Most views and visitors in more than a year this month. Not quite sure what I’m doing right but I hope you continue to enjoy stumbling around through my craziness as much as I do.
Things I am thankful for in this thankless year.
- That I had a goofy, Surreal dream about a diesel truck delivered to the house rather than the typical horrifying/paranoid nightmares of the past months.
- That the Macy’s Parade with no audience was such a sad concept that I wasn’t tempted to watch for a moment.
- That rain that threatened to last well into the night ended early enough I would have no problem doing the T Dinner on the Big Green Egg.
- While I’m having a torrent of one anxiety attack after another (“it’s not getting hot enough soon enough, it’s not smoking right, these are taking too long, these will be overcooked!”), the Big Green Egg might as well have said to me: “Miles, Miles, relax! You could set all the raw food on the patio steps and I would take care of everything.” And everything came out wonderful, esp. our two-person favorite Thanksgiving Bird, pheasant.
Today I watched Teen Titans Go! To the Movies. Amidst the torrent of references to alla this that and the other there was a Stan Lee cameo where he Ooops promptly got out of a DC feature.
I thought, “Yow, how tasteless is that? Guy’s dead!”
Then with research I realized I had missed the flick when it was new in 2018 and yeah, that was a live Lee. So, two questions:
How was I so out of it a couple years ago I never heard of this obvious animation hoot?
Was this the last cameo Lee did in any flick (caustic irony if true)?
Completely puzzled why, but have more views and visitors this week than in at least the last six months!
(Though, duh, my interaction with the Bill Marx BU class is an obvious explanation. Enjoy all!)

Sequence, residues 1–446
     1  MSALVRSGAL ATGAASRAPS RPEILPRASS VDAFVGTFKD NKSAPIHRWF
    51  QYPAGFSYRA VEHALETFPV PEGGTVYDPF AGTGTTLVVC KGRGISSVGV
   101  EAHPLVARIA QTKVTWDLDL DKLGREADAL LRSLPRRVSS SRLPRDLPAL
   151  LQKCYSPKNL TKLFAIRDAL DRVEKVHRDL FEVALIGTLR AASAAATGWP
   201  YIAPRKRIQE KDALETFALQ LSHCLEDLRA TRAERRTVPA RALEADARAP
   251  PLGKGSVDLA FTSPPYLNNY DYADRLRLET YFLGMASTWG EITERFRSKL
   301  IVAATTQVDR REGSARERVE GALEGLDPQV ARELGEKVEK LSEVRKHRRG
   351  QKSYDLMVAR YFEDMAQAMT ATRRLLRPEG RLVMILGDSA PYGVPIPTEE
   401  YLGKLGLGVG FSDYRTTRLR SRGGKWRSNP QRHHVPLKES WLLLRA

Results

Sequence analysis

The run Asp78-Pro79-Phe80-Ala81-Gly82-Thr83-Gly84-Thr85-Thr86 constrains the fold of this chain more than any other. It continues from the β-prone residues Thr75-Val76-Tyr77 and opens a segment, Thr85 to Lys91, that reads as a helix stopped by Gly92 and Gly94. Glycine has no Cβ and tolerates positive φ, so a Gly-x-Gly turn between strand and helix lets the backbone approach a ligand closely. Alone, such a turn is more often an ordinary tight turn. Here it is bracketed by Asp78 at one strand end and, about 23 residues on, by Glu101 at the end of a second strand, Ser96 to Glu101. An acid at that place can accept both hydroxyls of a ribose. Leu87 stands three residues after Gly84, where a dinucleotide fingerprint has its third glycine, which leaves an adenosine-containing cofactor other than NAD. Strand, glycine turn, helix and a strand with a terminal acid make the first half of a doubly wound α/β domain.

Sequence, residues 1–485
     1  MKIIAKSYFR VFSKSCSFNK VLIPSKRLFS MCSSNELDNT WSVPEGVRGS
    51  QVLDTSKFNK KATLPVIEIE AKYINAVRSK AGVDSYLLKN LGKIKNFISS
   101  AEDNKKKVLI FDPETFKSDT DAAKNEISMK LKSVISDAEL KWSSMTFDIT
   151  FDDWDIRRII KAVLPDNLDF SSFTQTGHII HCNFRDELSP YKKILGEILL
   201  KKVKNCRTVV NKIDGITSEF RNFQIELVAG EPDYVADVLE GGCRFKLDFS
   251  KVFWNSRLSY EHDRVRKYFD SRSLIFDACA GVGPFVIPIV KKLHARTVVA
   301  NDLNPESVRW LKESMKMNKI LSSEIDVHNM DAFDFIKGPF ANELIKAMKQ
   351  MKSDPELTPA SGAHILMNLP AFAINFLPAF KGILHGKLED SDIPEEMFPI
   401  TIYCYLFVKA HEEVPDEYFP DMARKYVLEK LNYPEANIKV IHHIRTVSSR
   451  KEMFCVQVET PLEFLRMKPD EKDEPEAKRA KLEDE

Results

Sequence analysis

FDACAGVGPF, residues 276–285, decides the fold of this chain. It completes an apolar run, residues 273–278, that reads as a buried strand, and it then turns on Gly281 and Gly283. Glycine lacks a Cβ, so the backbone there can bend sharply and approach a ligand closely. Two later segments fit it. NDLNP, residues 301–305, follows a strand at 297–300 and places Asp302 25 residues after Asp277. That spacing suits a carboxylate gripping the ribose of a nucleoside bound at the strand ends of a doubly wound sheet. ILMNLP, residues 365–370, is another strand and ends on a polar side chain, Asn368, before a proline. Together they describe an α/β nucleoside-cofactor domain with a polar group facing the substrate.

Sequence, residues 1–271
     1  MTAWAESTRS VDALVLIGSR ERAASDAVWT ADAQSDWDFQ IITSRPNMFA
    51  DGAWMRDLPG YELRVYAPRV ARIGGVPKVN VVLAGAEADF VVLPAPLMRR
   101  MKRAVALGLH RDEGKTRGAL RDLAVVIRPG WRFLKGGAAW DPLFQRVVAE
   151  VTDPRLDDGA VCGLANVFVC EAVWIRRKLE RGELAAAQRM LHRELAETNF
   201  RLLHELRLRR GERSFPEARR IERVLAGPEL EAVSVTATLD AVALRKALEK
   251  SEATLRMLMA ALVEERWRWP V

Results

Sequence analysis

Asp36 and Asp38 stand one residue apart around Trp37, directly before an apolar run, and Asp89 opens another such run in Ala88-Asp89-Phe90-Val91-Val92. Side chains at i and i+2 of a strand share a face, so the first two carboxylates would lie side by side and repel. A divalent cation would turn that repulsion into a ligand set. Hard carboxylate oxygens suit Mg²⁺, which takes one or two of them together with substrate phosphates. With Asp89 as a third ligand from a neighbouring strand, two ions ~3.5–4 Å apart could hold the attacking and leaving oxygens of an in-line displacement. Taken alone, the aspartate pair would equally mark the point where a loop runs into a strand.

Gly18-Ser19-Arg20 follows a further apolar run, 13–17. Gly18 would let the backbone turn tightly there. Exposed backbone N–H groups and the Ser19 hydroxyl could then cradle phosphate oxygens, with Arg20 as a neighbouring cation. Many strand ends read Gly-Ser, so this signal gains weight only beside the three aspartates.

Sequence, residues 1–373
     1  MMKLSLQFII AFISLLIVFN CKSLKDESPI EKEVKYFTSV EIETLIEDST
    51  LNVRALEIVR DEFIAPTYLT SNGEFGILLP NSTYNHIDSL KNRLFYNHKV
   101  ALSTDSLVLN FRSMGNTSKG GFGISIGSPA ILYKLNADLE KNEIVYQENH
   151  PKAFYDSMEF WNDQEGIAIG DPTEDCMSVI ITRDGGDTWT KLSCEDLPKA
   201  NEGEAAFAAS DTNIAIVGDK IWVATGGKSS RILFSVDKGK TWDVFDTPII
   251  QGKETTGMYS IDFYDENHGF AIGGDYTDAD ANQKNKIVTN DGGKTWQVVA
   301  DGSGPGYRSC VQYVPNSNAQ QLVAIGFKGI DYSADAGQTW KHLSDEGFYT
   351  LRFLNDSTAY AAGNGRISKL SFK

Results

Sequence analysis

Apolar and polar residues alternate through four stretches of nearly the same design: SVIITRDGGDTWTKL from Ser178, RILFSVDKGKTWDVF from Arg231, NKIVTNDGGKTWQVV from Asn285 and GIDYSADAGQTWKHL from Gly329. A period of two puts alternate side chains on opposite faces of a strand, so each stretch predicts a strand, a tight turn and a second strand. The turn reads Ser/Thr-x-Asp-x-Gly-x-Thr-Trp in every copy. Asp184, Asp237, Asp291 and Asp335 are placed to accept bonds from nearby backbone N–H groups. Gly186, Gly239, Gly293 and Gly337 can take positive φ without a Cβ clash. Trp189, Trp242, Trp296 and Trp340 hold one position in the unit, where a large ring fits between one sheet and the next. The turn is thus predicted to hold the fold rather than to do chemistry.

Got the Penguin best-of paperback yesterday and so took the opportunity to revisit a trio of “Twilight Zone” episodes based on his works (where he also wrote the TV script).
“Perchance To Dream” (also the title of the paperback): masterpiece, deeply original (and very inventive with spare/ornate scenes). Includes a fascinating biographical parallel with his own serious illness as a young teen.
“The Howling Man”: near masterpiece that plays with your head by doing a switcheroo about “who looks crazy and who sounds crazy” about six times. Climaxes with an outstanding special-effects passage. Only big flaw — end sequence feels tacked-on. (Biggest plus — I had somehow managed to never see this before. I can tell it would freak out TV programmers in MT.)
“The Jungle”: Very strange. Startling when new, bit dated now. Has eerie parallels with “Prey” by Beaumont friend Richard Matheson, which was made into a TV show I saw last week. OOOOh, that Witch Doctah Magic.
Torment of constant pessimism and inability to feel happy all the way down is over at last. History made. And we agree with all of the following:
And say amen to this:
May not live long enough for us to be rounded up by the Nuge Stormtroopers. But it’s heartbreaking enough to see it’s come to this. There really are as many pig-minded Americans as the countercultures have claimed. And, stuck with Two Major Parties, one of them has become outright Fascist.
Yeah, as I’ve said too, too many times, it really bothered me that they didn’t teach politics and history sanely in elementary school.
We never had kids.
Feel more certain than ever before that all the artworks I’ve gathered in part to pass on to the future will end up as radioactive dust …
The James Bond flick that splattered my young-teen brain all over the movie theater was Thunderball. I was quietly pleased that Connery chose to live around where it was filmed. Must admit that his James Bond, for me, was a kind of antimatter hero: I could never imagine being like him. I was impressed, but didn’t know if I liked him and knew I didn’t admire him.
Another ’77 shocker that I did not see until today but that features music by one of my utter-top creepy-soundtrack outfits, Goblin:
This is a superb example of the “Evil School” genre of scary stories (and also might be called Classic Art-Punk Horror) and is hugely recommended, particularly for amazingly intricate and well-paced 20-minute finale. (Only complaint off the top of my head — the interlude with the “Witch Prof” seems gratuitous wack.)
Anyway, reputation has sustained over time (had no hint there was this recent remake, which forget it):